Mickey is the only mouse I like...

Mice and rats are a common problem on many farms. They eat and contaminate livestock feed, damage facilities, and are carriers of disease. This winter, mice have been a problem in a barn laboratory and a feed mixing/storage area at Miner Institute. The lab and mixing/storage area provides everything a mouse needs to survive…abundant food sources, shelter with plenty of hiding places, and a cat-free environment.

By Heather Dann, from Miner Institute Report

After finding some mouse droppings around the lab we causally tossed a few bait sticks and glue traps out around the lab. The initial harvest was good. However, the surviving mice quickly replaced the mice that were harvested. After a few more attempts of baiting and trapping with limited success, I learned that controlling mice takes a well-organized effort. The casual approach of putting out bait with little attention to cleaning or removing feed sources has little effect on reducing the mouse population long-term. The mouse population grew and caused damage to grain bags stored on pallets. In addition, the population is leaving a dirty mess behind on floors, counters, shelving units, and supplies.

After a bit of time spent reading about mice and visiting with a rodent control professional, I’ve learned there are three key elements to rodent management: prevention, monitoring, and control. Proper construction and maintenance of barns helps prevent rodents from entering. If rodents get in, then eliminating hiding places and nesting sites are important. Our mixing/storage area had many places for mice to hide, burrow, and nest with lots of miscellaneous equipment and pallets of grain stored in it. Mice can climb and jump so it’s recommended that equipment and feed be kept at least 12-18” off the floor and at least 9-18” from a wall. Our maintenance crew built a metal table ~2’ high to store pallets. The table seems to be working so far. Removing the source of feed is important for population control. However, this is a challenge on most farms and at the Institute. Keeping feed in “rodent-proof” bins and containers is recommended.Mice are capable of gnawing through many different materials, including plastic, rubber, vinyl, and wood. Mice can squeeze through an opening as small as ¼”. Steel wool and caulk can be used to fill in the small openings. Reducing and cleaning up feed spillage is critical also.

Monitoring is important to identify early signs of an increasing mouse population. Common signs include:

• Droppings along walls, behind objects, and near feed that are ~¼” in size (rice size).

• Sounds of gnawing and climbing in walls and ceiling.

• Gnawing marks that result in pieces of wood or other material on the floor or around bins and pallets.

• Smudge marks that are on walls, pipes, or rafters left from the dirt and oil on the fur.

• Musky odor.

• Visual observation of mice during the day indicates an established population since mice are most active just after dusk and shortly before dawn. One rule of thumb is that there are ~25 mice for every one that is seen.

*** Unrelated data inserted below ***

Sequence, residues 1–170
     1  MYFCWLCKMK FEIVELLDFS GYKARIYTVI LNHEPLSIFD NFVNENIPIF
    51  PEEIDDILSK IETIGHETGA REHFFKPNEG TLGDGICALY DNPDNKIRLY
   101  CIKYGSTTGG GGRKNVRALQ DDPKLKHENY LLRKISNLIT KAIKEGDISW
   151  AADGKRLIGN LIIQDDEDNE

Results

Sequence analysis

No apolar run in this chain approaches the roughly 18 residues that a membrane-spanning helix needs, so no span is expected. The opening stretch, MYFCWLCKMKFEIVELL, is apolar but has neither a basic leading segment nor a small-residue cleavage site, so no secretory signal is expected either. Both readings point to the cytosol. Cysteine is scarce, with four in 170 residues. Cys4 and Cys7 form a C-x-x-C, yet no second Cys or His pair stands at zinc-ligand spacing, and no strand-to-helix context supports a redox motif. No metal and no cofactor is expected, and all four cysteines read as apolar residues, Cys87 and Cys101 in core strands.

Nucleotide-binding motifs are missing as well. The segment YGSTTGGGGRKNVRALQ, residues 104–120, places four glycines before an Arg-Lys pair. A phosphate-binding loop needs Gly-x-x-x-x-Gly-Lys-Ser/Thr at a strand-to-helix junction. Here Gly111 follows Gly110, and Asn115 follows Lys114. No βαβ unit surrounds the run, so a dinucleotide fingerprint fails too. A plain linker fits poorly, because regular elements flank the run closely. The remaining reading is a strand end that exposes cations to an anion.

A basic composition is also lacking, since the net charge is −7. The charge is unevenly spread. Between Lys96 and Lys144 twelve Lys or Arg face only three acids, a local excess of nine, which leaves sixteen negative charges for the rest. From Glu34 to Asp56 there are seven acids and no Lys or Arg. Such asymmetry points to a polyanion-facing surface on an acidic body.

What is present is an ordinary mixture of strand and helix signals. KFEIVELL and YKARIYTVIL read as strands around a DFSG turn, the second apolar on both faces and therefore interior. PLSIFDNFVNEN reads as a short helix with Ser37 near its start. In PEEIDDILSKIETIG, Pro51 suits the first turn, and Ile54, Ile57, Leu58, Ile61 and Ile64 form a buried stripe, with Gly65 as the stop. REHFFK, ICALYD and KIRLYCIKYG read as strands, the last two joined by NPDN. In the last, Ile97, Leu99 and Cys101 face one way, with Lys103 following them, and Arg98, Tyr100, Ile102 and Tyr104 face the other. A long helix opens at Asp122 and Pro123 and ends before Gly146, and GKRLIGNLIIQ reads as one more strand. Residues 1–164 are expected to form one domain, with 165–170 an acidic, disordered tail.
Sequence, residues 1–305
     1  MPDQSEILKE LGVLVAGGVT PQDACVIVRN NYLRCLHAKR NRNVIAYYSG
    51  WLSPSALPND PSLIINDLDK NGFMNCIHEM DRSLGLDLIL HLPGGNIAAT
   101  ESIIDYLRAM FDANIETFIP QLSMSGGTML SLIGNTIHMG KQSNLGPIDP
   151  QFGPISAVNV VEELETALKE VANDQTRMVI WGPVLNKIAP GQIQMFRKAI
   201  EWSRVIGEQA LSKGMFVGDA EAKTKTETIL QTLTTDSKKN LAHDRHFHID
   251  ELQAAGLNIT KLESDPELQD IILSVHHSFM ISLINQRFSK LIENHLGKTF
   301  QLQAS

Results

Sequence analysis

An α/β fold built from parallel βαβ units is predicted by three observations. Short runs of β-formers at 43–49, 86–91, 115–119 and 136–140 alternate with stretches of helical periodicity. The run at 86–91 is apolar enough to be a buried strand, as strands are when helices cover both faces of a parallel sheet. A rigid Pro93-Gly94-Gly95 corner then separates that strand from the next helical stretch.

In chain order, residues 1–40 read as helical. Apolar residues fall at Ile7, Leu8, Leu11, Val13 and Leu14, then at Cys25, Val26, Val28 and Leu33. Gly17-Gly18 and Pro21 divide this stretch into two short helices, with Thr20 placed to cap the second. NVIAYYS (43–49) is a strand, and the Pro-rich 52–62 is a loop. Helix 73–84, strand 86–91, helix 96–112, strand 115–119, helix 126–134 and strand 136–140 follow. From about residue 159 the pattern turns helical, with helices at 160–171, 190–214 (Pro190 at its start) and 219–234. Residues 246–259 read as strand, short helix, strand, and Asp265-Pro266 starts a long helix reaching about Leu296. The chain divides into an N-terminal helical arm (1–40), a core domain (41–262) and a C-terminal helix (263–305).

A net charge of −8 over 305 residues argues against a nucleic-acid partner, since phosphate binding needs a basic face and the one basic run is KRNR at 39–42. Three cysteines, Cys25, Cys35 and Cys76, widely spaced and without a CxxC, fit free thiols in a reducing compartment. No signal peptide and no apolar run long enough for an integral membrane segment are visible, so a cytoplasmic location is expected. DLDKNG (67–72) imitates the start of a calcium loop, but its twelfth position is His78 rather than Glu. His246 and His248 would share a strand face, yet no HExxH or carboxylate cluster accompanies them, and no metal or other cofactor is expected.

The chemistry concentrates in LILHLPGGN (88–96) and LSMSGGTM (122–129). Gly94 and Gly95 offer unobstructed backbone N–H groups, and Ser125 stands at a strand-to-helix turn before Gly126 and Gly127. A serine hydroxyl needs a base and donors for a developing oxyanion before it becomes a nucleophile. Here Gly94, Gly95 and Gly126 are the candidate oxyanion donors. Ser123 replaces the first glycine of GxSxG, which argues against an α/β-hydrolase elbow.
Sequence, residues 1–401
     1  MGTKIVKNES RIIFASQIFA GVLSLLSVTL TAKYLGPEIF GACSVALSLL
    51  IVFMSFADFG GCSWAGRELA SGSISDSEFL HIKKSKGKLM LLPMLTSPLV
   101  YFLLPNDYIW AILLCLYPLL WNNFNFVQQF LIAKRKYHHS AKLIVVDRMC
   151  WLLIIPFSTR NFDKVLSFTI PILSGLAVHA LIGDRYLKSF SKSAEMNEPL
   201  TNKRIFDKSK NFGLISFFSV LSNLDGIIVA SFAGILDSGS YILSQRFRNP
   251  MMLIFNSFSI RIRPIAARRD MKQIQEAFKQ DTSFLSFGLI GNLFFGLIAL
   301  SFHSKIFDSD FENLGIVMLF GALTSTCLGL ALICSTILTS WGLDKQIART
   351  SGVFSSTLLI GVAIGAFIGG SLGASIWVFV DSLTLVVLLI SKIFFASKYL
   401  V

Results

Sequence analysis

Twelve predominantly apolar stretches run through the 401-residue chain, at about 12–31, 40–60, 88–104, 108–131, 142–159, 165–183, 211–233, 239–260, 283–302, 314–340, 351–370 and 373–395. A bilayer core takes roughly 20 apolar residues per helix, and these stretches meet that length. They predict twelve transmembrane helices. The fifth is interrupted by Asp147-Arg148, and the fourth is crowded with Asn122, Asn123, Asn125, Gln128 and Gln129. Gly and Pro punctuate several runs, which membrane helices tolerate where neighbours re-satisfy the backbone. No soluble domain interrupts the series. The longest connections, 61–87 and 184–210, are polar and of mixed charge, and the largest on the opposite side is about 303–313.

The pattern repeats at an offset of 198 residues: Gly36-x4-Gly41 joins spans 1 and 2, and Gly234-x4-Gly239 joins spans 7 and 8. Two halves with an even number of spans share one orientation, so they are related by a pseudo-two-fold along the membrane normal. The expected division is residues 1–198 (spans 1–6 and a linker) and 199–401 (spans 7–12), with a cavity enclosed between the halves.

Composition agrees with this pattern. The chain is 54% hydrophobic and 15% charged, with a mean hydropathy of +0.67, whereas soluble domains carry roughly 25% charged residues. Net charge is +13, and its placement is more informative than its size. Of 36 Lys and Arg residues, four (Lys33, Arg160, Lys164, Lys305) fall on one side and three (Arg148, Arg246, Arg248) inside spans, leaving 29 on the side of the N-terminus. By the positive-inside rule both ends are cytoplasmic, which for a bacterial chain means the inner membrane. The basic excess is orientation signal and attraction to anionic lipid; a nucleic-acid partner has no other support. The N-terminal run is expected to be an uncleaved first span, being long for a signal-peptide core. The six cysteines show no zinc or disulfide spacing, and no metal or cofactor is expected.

Mice are very prolific, so monitoring and early intervention is key. A mouse can start reproducing at ~6-10 weeks of age and have 5-8 litters with each litter having ~5-6 pups. The pregnancy is short (21 days).

Currently we’re focusing on the control element of rodent management. It’s an integrated approach that focuses on minimizing feed sources, hiding places, and nesting sites, cleaning to remove scent trails, and using rodenticides (toxic bait) and traps. There are many types of bait available for use, and selecting the appropriate bait can be confusing. Based on discussions with a rodent control professional we’re using a combination of feed and liquid bait stations. Liquid bait stations can be very effective in barns where there are feed sources that can’t be eliminated. The liquid bait stations contain diphacinone. The feed bait stations contain bromadiolone and cholecalciferol which are effective in 1-3 feedings and kill warfarin-resistant rodents. Interestingly, cholecalciferol is vitamin D3 which is toxic to rodents at high levels. The use of a bait station protects children, pets, birds, and livestock from the poison, keeps the bait dry, and provides a small entrance that attracts mice to feed. In addition to the bait stations, we’re using glue traps and curiosity traps (e.g. Tin Cat trap) that don’t require bait. The glue traps are a challenge to use in cold and dusty environments and haven’t been very effective for us this winter. The Tin Cat traps are working well for us. The burrow-shaped opening welcomes the mice into the trap. The traps need to be checked at least weekly. It’s recommended to set traps close to walls, behind objects, in dark places, and in high mouse activity areas.

By Heather Dann, from Miner Institute Report



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Biosecurity - protecting the herd

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Disease outbreaks on dairy farms can be devastating to both animal welfare and farm profitability, with losses in terms of reduced output, increased replacement costs, veterinary costs and labor requirements. Dairy farmers are becoming more aware of how biosecurity programs can help them prevent, or reduce the risk of disease entering and spreading in their herd. However, studies show that there are still only few that implement and strictly follow a biosecurity program on their farm.

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